Reuters reports that "The U.S. Senate on Wednesday approved by a 95-0 vote a compromise version of legislation that would reform the way the Pentagon buys weapons. Negotiators for the House of Representatives and the Senate hammered out agreement on the legislation on Tuesday. The House is due to vote on the compromise version on Thursday... The legislation would create a new Pentagon office charged with estimating the cost of new programs and evaluating them once they got started. The director of that office would be a Senate-confirmed appointment, and would report directly to the defense secretary. It would put a bigger focus on testing new weapons before they enter production, ensuring that technologies were sufficiently developed, and would give military commanders a bigger say in framing requirements for any new weapons. The legislation also requires Pentagon officials consider the trade-offs among cost, schedule, and performance objectives when establishing new weapons programs. The bill also requires increased use of competitive prototypes and added tough requirements to a law that mandates termination of programs if they exceed certain cost thresholds."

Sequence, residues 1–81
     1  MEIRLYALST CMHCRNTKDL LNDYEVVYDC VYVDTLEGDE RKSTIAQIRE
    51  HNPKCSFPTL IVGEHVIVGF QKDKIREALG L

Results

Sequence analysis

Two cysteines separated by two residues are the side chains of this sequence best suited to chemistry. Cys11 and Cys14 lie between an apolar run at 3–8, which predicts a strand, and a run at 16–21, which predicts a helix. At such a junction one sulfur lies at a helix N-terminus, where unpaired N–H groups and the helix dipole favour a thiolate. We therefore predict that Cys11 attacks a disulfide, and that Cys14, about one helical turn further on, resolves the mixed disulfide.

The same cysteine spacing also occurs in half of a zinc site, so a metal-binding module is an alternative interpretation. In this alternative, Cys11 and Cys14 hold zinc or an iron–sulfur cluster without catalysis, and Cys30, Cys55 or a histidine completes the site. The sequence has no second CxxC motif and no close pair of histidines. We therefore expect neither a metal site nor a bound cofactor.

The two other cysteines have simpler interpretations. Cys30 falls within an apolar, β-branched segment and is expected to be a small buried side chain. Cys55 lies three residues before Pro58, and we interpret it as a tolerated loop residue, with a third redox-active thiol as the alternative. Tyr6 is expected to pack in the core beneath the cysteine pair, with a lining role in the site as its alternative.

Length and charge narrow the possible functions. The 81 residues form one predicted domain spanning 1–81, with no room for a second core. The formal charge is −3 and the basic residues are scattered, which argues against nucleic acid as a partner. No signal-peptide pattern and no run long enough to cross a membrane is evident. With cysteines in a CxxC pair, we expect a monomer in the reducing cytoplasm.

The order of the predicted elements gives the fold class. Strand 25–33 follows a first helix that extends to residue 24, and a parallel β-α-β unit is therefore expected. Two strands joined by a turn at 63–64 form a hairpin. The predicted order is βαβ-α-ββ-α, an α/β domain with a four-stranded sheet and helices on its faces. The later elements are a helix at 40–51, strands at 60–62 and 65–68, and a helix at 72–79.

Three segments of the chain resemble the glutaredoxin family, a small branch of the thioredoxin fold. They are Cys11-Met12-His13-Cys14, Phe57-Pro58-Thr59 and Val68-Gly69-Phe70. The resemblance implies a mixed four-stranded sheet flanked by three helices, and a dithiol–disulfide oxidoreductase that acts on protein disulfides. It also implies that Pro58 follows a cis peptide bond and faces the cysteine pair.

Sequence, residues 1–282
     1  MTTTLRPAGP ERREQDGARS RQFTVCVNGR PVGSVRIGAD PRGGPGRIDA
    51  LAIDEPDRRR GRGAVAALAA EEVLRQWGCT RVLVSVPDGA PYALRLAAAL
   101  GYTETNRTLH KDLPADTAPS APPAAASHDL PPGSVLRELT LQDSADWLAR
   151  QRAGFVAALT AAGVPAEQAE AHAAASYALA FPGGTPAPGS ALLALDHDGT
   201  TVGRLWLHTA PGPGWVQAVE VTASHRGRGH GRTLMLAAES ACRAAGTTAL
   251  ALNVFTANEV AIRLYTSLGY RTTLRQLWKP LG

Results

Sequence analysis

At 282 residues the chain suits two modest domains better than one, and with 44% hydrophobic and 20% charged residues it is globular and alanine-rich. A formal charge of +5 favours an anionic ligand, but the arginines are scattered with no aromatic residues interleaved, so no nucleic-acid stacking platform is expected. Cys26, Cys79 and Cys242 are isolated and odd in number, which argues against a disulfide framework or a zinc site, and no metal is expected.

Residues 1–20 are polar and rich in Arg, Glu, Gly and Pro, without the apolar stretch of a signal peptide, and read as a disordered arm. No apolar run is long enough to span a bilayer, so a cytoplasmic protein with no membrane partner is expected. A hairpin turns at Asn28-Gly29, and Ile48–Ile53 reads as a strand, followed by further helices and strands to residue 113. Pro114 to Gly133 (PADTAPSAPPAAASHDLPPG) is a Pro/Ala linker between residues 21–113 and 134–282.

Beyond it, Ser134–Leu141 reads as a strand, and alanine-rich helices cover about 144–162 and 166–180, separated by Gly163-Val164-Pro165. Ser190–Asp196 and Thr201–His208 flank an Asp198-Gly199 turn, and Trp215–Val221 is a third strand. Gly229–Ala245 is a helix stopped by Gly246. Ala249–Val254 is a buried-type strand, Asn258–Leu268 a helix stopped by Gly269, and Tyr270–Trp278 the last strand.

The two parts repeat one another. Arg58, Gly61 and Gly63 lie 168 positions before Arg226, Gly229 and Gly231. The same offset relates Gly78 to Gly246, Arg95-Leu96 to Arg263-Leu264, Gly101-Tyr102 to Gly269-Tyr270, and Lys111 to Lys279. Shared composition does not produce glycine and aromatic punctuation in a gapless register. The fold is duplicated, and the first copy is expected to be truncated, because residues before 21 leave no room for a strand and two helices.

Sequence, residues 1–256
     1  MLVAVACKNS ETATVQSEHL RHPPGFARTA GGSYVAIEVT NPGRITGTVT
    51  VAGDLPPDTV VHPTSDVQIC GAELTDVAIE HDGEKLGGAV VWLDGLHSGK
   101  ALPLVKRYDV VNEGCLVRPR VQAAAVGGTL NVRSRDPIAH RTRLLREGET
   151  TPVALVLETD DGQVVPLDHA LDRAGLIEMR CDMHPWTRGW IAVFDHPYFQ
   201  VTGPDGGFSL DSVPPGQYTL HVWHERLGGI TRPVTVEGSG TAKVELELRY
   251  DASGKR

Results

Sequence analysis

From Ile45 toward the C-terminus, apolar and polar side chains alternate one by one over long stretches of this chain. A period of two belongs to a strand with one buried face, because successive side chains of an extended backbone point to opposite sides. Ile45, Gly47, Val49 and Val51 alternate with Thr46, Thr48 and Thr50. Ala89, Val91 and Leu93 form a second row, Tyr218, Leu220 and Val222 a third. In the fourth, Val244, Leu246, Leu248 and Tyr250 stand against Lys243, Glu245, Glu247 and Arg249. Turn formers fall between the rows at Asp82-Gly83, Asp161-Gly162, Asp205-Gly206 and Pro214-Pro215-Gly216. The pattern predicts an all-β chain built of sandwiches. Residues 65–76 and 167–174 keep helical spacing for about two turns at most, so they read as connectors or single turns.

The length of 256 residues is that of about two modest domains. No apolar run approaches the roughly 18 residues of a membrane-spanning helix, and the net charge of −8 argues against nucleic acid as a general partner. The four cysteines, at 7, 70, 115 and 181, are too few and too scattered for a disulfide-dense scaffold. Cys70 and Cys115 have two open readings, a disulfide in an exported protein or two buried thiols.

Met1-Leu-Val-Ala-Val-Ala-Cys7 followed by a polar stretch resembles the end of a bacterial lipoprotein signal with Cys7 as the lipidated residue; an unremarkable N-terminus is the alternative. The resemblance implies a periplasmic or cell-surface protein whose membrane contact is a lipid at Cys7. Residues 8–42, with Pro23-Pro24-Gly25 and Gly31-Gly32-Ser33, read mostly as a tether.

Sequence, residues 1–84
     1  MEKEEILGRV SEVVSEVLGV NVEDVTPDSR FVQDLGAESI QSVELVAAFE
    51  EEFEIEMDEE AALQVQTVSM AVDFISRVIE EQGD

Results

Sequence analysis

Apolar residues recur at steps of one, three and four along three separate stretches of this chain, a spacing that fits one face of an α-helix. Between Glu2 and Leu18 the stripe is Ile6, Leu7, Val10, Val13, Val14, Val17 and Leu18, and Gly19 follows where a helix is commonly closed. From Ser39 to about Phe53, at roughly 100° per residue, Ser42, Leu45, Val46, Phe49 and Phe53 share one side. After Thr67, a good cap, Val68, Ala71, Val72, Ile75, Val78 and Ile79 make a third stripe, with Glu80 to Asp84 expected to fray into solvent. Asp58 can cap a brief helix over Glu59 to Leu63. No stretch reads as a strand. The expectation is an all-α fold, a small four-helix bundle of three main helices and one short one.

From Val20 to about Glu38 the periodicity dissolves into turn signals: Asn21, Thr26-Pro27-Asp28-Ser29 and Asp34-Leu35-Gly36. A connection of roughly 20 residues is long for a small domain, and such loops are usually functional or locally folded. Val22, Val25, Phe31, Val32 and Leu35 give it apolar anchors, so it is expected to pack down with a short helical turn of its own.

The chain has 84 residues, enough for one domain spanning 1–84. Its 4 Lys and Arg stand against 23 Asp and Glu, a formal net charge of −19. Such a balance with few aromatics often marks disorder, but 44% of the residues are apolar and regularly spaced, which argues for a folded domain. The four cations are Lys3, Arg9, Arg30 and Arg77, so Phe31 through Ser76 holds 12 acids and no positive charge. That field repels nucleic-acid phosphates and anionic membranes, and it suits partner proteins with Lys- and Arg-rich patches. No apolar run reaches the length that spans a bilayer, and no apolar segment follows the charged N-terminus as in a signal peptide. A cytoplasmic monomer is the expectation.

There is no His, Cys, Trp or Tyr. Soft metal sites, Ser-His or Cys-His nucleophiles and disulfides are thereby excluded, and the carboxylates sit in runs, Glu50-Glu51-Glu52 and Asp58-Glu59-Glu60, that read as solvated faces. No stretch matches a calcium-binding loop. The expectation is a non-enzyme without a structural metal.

Reuters reports that "The United States and Russia have held two days of successful talks on ways to slash vast stockpiles of Cold War nuclear weapons, a Russian diplomat said on Wednesday. Finding a replacement for the 1991 Strategic Arms Reduction Treaty (START I) before it expires on December 5 could herald a thaw in relations between the world's biggest two nuclear powers. Foreign Minister Sergei Lavrov on Wednesday said the United States must allay Russian concerns over the missile system to achieve a breakthrough in the nuclear weapons talks. 'The fundamental principle of an agreement must be equal security for both sides and the preservation of strategic parity,' he told reporters at the 19th century mansion where the talks took place. 'This of course cannot be ensured without taking into account the situation with anti-missile defense.'"